We are shaped not only by music, but also by our opinions about music. It is all the more important to revisit the connection between music and moral education in a culture like ours, steeped as it is in self-indulgence and vulgarity. The study of music as a liberal art gives students an extended opportunity to scrutinize their opinions – and to confront the causes and effects of their passions.
Music, and classical music in particular, is about the sculpting of time into significant forms, into grand architectural works extended in time. Its building blocks are sound and silence. Its reason for being is to provide us with sacred moments, inklings of the Other, in what is, for the most part, a profane world.
Do we really want to hear Beethoven’s Fifth as it was heard at its premiere? Do we want to listen to 50 unevenly trained musicians, give or take, playing for four hours on weak instruments that are hard to play, in an unheated concert hall conducted by a deaf man on one rehearsal?
It is a common criticism today, as it was in 1341, that to look “backwards” is to look upon something old and decrepit, outdated and dilapidated. Time for us moves only forward, and so paradoxically, while our civilization grows old, it is our past that we label as aged and the day itself as eternally young.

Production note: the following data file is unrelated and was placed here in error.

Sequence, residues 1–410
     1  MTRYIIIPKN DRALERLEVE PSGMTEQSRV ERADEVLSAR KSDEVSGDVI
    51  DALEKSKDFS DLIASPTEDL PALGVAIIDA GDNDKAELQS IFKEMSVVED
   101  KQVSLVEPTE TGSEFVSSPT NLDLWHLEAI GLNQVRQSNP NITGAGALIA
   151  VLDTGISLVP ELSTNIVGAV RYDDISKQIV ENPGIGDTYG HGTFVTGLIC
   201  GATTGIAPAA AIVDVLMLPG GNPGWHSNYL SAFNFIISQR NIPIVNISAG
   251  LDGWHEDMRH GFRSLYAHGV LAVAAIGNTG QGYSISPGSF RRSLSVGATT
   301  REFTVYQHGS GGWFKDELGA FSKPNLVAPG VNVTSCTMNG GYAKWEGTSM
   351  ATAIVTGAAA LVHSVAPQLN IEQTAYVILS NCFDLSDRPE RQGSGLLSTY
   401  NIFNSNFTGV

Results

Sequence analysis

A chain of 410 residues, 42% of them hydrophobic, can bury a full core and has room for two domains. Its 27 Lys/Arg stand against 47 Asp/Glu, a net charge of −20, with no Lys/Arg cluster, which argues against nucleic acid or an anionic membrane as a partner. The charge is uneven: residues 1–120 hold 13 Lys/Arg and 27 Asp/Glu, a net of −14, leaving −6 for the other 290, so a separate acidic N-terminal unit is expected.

Anyone who has tracked the self-destruction of music over the past half century has to be astonished at the outpouring of such explicitly religious music and at its enormously popular reception. Can the recovery of music be, at least partially, a product of faith?
The notion that music has properties and powers that can sharpen the mind and transform the soul is ancient. Such ideas formed the basis of Confucian civilization in China. In the West, they are attributed to Pythagoras and his followers and played a central role in Plato’s ideal state.
“Our mission is to enrich and connect people with a sublime musical experience – that’s what we do. What this means is that it’s not only the music that should be sublime, but everything about Concertgebouw should be sublime.”
We have become used to concert halls that make big bold statements: the looming sculptural forms of the Philharmonie in Paris, the metallic sails of Disney Hall in Los Angeles, the giant glass barrel vault of the Kimmel Center for Performing Arts in Philadelphia. The Kleinhans is curiously elusive.
What do amateurs – all fairly serious ones, but also people who make their living outside of the music world – glean from a week spent inundated by one piece of music?
Postwar modernism and its hip progeny, in combination with the expensive cost of operation for orchestras and opera houses, created barriers which hinder renewal of the repertoire – a self-destructive mix, pushing classical music into the corner as a “museum culture.”